Our indicator constructed from the trends in the CRB Index, gold, and yields on the 10 year Treasury has not been in the extreme zone for 8 weeks now , and within the context of a trend following strategy that I have detailed here, here, and here, the SP500 should have a positive bias. In essence, with prices on the SP500 above its 40 week moving average and our indicator not in the extreme zone, prices should move higher. The trend remains up and inflation pressures are neutral. This is the bullish case for equities.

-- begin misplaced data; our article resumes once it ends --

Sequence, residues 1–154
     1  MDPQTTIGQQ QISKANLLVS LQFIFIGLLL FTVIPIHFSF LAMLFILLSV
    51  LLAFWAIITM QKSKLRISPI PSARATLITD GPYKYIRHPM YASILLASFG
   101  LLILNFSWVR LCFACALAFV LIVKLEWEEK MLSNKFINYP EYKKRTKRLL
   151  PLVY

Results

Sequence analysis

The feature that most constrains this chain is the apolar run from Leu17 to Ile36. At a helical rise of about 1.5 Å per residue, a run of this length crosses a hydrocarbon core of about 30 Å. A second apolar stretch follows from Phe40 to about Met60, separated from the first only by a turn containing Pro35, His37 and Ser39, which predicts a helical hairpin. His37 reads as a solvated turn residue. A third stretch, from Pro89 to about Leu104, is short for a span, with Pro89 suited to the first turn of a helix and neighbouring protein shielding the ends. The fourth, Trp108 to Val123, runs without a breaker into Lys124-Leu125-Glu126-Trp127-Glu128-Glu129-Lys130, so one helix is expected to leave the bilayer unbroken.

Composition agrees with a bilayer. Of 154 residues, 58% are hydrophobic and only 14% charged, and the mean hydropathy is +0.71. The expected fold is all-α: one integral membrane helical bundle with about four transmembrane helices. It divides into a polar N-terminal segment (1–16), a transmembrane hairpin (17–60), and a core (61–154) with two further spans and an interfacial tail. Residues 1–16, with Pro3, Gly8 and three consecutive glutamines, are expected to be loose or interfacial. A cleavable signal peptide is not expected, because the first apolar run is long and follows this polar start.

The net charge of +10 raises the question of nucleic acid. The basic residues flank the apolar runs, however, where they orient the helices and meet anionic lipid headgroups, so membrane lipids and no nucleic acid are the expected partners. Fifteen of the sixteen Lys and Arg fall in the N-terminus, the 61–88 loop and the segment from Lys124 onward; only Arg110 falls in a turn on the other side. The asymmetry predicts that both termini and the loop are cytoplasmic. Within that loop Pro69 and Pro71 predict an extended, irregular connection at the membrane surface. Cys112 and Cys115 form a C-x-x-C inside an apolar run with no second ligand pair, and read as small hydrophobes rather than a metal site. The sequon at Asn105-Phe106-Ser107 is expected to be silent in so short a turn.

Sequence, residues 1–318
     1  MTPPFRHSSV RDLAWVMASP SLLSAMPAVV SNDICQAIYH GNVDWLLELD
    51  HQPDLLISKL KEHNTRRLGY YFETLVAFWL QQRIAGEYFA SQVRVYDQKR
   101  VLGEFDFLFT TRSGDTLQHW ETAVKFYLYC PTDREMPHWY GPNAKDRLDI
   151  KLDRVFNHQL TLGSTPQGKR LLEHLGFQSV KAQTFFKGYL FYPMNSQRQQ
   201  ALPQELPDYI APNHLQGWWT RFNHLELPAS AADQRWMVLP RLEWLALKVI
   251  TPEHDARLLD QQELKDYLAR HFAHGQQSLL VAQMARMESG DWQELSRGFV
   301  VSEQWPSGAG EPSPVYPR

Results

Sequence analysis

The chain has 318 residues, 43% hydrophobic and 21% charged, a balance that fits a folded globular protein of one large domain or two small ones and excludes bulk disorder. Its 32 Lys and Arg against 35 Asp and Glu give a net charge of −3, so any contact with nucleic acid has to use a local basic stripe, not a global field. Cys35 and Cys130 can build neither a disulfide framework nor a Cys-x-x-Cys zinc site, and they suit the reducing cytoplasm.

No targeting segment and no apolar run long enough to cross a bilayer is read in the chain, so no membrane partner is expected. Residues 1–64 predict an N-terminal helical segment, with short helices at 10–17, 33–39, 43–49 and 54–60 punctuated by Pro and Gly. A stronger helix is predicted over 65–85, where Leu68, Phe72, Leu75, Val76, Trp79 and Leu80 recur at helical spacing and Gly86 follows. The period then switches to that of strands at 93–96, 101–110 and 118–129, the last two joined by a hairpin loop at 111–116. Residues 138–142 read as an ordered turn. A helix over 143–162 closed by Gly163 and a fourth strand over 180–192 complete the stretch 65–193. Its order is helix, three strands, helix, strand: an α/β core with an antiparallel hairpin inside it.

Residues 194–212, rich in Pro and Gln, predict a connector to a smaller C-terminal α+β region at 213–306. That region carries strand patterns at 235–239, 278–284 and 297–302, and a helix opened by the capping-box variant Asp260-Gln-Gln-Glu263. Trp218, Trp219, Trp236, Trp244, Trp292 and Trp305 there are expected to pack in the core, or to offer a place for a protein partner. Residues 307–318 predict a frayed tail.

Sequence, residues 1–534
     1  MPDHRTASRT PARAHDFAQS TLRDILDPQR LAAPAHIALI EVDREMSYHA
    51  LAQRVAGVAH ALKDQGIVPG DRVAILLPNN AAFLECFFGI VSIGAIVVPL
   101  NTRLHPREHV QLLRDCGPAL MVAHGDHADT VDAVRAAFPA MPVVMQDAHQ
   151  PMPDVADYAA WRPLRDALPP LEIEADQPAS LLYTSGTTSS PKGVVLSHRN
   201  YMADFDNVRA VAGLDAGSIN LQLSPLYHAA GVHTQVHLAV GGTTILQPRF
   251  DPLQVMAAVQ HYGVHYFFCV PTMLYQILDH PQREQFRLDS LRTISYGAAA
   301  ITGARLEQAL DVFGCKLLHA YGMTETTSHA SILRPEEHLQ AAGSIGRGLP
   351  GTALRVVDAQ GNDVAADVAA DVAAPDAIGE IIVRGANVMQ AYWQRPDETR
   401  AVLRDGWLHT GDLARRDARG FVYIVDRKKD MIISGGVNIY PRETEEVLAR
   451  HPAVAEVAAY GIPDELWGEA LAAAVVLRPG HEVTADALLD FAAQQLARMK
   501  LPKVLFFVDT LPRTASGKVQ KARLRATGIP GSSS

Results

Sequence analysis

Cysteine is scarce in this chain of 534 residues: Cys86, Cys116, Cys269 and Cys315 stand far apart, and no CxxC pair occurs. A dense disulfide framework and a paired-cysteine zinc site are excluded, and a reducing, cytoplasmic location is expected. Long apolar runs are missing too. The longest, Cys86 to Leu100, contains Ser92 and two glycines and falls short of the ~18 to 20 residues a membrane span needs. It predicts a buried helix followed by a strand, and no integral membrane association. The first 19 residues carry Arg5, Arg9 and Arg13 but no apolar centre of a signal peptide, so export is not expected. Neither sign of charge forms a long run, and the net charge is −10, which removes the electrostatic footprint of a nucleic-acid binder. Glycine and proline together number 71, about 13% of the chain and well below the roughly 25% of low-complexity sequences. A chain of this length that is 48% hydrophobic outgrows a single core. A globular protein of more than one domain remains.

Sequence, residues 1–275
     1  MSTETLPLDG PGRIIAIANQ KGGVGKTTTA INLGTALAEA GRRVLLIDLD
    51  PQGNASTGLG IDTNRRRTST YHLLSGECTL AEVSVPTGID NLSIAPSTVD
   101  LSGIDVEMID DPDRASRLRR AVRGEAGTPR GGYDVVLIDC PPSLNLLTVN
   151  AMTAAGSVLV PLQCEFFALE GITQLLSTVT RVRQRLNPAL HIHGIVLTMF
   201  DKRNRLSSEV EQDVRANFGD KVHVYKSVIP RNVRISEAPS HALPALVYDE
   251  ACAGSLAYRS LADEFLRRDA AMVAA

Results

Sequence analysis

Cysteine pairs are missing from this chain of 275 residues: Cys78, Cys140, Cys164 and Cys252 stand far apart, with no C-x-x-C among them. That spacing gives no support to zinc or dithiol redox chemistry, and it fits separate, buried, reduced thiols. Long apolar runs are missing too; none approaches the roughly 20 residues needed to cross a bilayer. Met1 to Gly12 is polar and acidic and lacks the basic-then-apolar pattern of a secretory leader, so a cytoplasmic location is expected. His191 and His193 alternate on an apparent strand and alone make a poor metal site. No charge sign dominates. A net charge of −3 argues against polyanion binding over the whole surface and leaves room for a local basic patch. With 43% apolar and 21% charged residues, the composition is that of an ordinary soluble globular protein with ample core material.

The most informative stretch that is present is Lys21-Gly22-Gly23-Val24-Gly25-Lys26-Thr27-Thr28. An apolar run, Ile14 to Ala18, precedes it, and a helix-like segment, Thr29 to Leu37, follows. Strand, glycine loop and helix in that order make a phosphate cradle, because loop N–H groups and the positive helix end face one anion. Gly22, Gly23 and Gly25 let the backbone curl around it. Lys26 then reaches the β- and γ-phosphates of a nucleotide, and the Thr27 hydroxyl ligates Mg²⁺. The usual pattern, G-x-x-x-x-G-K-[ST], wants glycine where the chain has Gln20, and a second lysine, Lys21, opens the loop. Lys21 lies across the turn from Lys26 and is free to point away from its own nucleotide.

But let's me be clear about one thing: the gains that equities might enjoy are unlikely to be as great or as accelerated as if the market is coming off a bottom. With rising bullish sentiment and less money on the sidelines, stocks just won't have that "uumph". Gains are possible but not at the rates that are seen at market bottoms.
The indicator constructed from the trends in the CRB Index, gold, and yields on the 10 year Treasury is shown in the middle of a weekly chart of the SP500 in figure 1. I last discussed this strategy (click here) 8 weeks ago in the context of "buying the dip".
Figure 1. SP500/ weekly